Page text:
40 Years of Grossly Inadequate Funding
Last week, California Governor Gavin Newsom announced plans to spend $10.3 billion for affordable housing in next year’s budget. $2 billion will go directly toward reducing homelessness and another 1.3 billion to housing that helps reduce the unhoused population.
This is a huge deal. California went decades without spending general fund money to reduce homelessness and now Newsom wants to spend billions. As Michael Lane, State Policy Director for SPUR put it, “what Newsom has done over the past three years is unprecedented. It’s more funding for housing and homelessness than we’d have gotten through redevelopment and state housing bonds combined.”
Newsom is sending a national message on what must be done to end homelessness. So why aren’t the public and media more excited?
I know the funding plan still awaits legislative approval. And that Omicron dominates people’s lives. Many are focused on national issues.
But I see a larger, more troubling explanation: many people no longer think “throwing money” at this problem will eliminate it.
This view is profoundly wrong. Here’s why.
Why Homelessness Began
Why did widespread visible homelessness become a crisis for cities in 1982 and not in the 1960’s or 1970’s when drug use skyrocketed?
First, young urban professionals (“Yuppies”) in the late 1970’s who grew up in the suburbs began moving to cities. That’s why rents that were so affordable in the mid-70’s in cities like San Francisco,and New York City became unaffordable by decade’s end. This rapid process of urban gentrification eliminated market rate housing that low-income people could afford.
Second, just when public assistance to low-income urban residents was most needed, Reagan’s 1981 HUD budget slashed federal rental assistance. Rising urban rents was not matched by increased federal rental assistance to those priced out.
Public housing, a major program in Europe, was off the table. President Nixon ended funding for new public housing in America in the mid-1970’s. The most cost efficient way of housing the very poor was unavailable.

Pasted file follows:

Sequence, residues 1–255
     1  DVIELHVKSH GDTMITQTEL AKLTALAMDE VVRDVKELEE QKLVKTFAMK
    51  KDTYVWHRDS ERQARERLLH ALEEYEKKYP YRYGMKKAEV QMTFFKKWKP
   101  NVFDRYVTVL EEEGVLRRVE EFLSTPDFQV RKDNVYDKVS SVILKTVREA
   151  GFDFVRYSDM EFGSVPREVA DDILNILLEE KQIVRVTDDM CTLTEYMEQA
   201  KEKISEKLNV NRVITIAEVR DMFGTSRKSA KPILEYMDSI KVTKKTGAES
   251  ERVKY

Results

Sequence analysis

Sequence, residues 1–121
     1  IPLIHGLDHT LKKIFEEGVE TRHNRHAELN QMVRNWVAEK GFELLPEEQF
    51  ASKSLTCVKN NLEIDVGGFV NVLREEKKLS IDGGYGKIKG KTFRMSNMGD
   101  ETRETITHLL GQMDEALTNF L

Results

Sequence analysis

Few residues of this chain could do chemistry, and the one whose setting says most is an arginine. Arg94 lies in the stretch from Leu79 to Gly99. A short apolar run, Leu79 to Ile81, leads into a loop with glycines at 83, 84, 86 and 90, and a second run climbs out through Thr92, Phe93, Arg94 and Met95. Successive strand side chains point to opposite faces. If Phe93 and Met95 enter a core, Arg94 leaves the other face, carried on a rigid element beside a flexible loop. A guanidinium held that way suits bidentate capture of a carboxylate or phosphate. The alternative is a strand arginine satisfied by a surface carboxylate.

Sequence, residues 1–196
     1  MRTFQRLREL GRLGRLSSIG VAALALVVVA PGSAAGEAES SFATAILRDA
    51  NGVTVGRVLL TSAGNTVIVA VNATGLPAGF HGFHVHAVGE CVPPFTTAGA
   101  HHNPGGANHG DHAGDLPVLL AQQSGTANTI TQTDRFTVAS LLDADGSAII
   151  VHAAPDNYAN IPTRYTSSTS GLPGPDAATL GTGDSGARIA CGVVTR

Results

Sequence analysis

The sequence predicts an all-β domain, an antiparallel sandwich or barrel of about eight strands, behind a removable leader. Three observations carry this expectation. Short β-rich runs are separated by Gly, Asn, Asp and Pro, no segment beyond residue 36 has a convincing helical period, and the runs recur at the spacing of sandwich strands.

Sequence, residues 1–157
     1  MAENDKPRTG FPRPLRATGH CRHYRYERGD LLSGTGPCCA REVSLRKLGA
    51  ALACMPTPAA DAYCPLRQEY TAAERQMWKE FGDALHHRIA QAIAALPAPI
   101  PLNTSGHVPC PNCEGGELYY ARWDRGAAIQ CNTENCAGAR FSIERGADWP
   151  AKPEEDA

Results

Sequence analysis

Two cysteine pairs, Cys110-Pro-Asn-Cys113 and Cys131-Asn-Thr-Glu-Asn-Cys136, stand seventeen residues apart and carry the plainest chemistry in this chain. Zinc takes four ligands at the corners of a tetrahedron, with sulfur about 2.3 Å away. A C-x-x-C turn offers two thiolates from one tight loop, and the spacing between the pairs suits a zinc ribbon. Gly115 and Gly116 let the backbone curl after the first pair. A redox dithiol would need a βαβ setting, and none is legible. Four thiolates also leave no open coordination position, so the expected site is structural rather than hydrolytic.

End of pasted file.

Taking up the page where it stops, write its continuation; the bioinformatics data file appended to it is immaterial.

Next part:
Cities should have built more housing to address rising demand for existing apartments. That didn’t happen. Instead, San Francisco and other cities downzoned neighborhoods just when more housing was most needed (I discuss this in Generation Priced Out).
After forty years it is still necessary to state the obvious: when the government stops helping people pay rent who cannot afford housing on their own, and denies federal housing assistance to over 75% of eligible households, homelessness results. And it gets steadily more expensive to solve as market rents outpace what low-income people can afford.
Had America resumed building public housing, funded Section 8 vouchers for all eligible, and funded the construction of massive numbers of new affordable housing units we would not have widespread visible homelessness today. Those are the policies that prevented homelessness prior to the 1980’s and whose abandonment caused the ongoing crisis.
So why isn’t Newsom’s funding plan bigger news?
Misrepresenting Homeless Spending
Many believe we already spend enough to end homelessness. This is based on dividing a city’s official “Homeless Budget” by the number of unhoused. But this is a completely false analysis.